A trip to Sweden can give two weeks quarantine, and employees may risk having to pay the fee themselves.
If you have been on a summer holiday to Sweden during Pentecost, it can mean a fourteen day quarantine when you get home.
If the journey is part of one’s work, the company will pay the salary under the quarantine.
If the employee himself chooses to travel in his spare time, he or she typically has to pay for the freedom himself for the fourteen days, says Sanne Stadil, deputy director of Dansk Industri.
If you have the opportunity to work at home, this can be a solution, according to consulting manager at Djøf Mette Knudsen.
If not, you can get paid or have to spend vacation.
The Ministry of Foreign Affairs currently discourages all unnecessary travel.
This applies to all countries except Iceland, Norway and Germany, to which the Ministry of Foreign Affairs will open for travel from 15 June.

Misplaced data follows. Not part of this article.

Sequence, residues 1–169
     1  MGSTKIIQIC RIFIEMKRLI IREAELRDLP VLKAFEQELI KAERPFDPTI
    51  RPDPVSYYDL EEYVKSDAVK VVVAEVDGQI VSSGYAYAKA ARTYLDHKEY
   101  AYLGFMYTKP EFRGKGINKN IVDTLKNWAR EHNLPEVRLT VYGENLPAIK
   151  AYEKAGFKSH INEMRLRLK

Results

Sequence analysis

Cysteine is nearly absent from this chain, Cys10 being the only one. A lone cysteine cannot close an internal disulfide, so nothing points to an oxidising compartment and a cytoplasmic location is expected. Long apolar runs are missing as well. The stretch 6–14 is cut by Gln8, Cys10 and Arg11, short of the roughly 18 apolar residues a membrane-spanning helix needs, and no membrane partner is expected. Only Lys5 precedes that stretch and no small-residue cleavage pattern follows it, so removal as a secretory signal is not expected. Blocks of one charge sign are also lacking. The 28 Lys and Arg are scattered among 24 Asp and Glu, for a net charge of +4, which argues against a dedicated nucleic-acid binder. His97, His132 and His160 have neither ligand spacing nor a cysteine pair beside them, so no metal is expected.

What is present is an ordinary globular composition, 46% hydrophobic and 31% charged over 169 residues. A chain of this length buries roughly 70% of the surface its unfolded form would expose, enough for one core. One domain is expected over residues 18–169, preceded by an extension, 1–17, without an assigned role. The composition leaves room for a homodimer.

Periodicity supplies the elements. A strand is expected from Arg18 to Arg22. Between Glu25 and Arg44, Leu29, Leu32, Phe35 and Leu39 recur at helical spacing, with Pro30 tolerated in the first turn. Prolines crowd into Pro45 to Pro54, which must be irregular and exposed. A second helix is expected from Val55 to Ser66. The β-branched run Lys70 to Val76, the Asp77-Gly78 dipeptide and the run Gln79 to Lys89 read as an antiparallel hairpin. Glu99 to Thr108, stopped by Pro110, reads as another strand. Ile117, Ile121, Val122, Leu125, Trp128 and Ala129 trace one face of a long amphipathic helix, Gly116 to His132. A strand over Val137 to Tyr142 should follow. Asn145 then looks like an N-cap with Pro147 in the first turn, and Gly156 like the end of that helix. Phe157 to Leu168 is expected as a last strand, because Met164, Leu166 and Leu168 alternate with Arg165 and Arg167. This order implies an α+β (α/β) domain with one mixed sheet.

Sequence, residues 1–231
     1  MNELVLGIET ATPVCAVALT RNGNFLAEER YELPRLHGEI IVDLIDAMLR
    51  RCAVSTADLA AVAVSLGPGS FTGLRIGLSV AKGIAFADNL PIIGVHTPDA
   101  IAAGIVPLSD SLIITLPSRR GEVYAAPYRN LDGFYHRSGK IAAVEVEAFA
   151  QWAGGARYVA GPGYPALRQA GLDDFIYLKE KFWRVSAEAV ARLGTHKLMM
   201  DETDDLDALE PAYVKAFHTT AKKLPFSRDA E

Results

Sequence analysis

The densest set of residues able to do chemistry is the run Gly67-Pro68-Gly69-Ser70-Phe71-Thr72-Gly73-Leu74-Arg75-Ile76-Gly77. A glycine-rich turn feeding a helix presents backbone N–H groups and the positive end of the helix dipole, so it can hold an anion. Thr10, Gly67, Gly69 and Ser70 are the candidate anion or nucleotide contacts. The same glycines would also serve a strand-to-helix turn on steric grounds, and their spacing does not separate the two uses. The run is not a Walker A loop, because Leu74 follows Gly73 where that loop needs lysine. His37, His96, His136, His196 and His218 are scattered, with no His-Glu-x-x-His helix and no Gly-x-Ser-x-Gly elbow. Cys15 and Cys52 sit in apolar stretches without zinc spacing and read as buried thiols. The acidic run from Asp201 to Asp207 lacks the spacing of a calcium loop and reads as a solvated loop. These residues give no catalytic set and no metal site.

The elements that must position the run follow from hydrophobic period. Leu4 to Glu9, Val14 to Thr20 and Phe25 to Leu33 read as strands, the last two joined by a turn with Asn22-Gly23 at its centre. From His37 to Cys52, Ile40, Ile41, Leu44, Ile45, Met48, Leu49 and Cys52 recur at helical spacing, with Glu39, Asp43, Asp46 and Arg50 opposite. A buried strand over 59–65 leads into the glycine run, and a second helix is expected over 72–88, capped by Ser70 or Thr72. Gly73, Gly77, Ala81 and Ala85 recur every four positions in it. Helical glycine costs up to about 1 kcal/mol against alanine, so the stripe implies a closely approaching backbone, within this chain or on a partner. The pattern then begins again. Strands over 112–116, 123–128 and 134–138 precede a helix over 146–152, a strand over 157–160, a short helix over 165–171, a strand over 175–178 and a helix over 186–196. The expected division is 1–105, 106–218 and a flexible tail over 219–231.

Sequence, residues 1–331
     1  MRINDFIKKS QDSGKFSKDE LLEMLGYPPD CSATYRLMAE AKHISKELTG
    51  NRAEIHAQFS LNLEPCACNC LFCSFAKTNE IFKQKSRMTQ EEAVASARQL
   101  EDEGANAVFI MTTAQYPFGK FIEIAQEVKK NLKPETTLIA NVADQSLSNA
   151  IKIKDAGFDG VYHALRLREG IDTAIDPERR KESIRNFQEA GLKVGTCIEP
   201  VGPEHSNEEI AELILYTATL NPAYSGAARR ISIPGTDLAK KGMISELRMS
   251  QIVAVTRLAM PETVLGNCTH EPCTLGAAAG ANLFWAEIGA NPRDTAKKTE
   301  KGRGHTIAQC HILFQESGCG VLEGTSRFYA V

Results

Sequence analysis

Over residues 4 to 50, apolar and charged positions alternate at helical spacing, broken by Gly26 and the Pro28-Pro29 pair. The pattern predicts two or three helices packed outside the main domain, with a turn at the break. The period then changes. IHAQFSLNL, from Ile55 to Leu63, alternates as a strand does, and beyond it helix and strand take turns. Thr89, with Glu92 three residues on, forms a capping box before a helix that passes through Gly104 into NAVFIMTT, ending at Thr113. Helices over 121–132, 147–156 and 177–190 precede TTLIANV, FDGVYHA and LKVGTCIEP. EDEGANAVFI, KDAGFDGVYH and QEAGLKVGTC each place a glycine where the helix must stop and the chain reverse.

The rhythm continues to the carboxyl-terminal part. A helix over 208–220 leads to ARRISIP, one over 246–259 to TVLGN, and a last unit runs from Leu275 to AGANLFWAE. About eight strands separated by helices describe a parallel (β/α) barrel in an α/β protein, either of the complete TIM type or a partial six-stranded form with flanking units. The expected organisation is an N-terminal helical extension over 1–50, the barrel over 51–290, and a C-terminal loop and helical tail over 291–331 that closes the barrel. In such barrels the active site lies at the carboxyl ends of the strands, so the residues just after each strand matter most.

Traveling outside the three countries – that is to say Sweden – should still be quarantined, the authorities recommend.
Many set up homework scheme
It is our impression that companies generally respect the criterion of necessity, so that they only send employees off when there is really a need.
When an employee comes home from abroad, whether on his own or the company’s initiative, many companies will try to establish a homework arrangement in the fourteen-day quarantine, says Sanne Stadil.
When the authorities change the recommendations for Germany, Norway and Iceland, the recommendation on quarantine changes.
However, traveling to cities with over 750,000 inhabitants is still not recommended, so if you go there, you risk being sent home in quarantine without pay when you get home, says Mette Knudsen.
She explains that the crucial point is the wording of the travel guides on departure.
If the travel guide changes while you are leaving, or if you need to go on a necessary journey, I would advise that you talk to your employer as soon as possible and agree how a possible quarantine is handled, says Mette Knudsen.